The Great Conservatory of Chatsworth

Mar 31, 2022 0 comments

Before Joseph Paxton built the magnificent edifice of glass and iron, the Crystal Palace for the Great Exhibition of 1851, he built an enormous greenhouse—the Great Conservatory, or Stove—on the grounds of Chatsworth House in the Derbyshire Dales. While building the Great Conservatory, Paxton perfected many of the techniques that he would later employ to build the Crystal Palace.

Paxton developed an interest in greenhouses in the 1830s when he was the head gardener at Chatsworth, which was considered one of the finest landscaped gardens of the time. After he had redesigned the gardens around the new north wing of the house and expanded Chatsworth's collection of conifers into a 40-acre arboretum which still exists, Paxton designed a series of buildings for cultivating exotic plants such as pineapples, which were highly prized at the time. Although the idea of growing plants in environmentally controlled areas dates back to Roman times, greenhouses were a new concept and those that already existed at Chatsworth were dilapidated. After experimentation, he designed a glass house with a ridge and furrow roof that would be at right angles to the morning and evening sun and an ingenious frame design that would admit maximum light. This design would soon be adopted by other greenhouse makers.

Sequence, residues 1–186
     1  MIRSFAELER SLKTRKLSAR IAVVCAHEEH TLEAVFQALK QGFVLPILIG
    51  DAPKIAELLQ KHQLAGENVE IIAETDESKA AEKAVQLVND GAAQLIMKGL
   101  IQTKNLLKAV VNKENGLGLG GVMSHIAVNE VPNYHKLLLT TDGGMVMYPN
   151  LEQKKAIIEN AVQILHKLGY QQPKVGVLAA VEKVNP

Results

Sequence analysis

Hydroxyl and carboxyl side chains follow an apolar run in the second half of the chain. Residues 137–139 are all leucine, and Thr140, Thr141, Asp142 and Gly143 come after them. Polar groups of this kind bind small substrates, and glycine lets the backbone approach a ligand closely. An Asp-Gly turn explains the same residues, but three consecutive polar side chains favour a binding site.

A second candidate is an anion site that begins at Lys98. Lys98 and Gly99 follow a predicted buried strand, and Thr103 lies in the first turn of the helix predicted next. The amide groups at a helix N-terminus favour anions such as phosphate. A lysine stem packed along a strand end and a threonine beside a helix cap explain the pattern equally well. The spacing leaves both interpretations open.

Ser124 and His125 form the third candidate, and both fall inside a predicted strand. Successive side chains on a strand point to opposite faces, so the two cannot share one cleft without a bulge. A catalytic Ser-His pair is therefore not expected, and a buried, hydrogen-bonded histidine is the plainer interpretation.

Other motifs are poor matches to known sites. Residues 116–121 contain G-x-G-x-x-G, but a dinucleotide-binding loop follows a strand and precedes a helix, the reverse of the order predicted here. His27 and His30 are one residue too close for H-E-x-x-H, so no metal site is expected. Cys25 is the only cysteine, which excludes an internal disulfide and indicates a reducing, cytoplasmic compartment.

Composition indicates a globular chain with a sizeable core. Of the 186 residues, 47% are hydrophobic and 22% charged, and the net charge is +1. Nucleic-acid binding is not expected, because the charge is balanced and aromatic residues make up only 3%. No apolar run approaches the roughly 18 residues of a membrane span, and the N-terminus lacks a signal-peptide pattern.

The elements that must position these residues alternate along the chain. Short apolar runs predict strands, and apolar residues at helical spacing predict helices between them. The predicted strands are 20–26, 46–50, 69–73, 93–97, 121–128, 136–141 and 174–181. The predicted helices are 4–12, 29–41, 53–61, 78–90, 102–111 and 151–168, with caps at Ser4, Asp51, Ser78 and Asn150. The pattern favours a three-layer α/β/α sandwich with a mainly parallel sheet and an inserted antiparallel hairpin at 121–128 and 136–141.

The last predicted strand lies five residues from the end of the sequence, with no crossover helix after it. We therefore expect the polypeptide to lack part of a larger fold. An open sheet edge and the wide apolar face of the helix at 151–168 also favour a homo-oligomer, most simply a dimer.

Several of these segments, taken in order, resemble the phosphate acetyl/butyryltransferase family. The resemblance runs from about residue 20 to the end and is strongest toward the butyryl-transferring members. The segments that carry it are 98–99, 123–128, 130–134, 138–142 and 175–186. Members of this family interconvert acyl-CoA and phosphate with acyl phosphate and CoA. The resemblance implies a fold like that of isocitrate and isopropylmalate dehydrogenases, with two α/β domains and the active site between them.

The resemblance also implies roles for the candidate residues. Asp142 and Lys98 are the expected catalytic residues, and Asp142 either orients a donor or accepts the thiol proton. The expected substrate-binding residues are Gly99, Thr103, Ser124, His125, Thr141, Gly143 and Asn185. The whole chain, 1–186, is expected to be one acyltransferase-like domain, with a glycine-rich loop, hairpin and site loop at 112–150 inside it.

Joseph Paxton's great Conservatory at Chatsworth by William Callow.

Paxton’s next great building project was a house for holding the giant water lily from the Amazon, the Victoria regia lily. The waterlily’s giant leaves provided the inspiration for his conservatory. Paxton found that the secret to the lily’s rigidity were the ribs radiating from the center of the leaves and connecting with flexible cross-ribs. Paxton even tested the leaves’ sturdiness by floating his daughter Annie on a leaf.

Annie Paxton standing on a Victoria amazonica leaf in the lily house.

In 1836, Paxton began construction of the Great Conservatory. This huge glasshouse was 227 feet long, 123 feet wide and 62 feet tall. It was the largest glass building in the world. Inside there was room for two carriages to pass on the main thoroughfare, and stairs, hidden by ascending rocks, led to a gallery from which you could inspect the highest branches of the exotic palms and other trees flourishing there. There were ponds full of aquatic plants, rocks, mosses, ferns and brilliantly colored flowers in a tropical climate created by eight underground boilers fueled by coal which arrived by underground rail wagons. The boilers fed a seven-mile maze of 6-inch hot water pipes. In winter, it took 300 tons of coal to fuel the boilers.

Needless to say, the conservatory was prohibitively expensive to maintain. During the First World War, when coal became scarce, the conservatory was not heated and all the plants died. Following this, the Great Conservatory was demolished.

A modern reimagination of the Great Conservatory. Photo:


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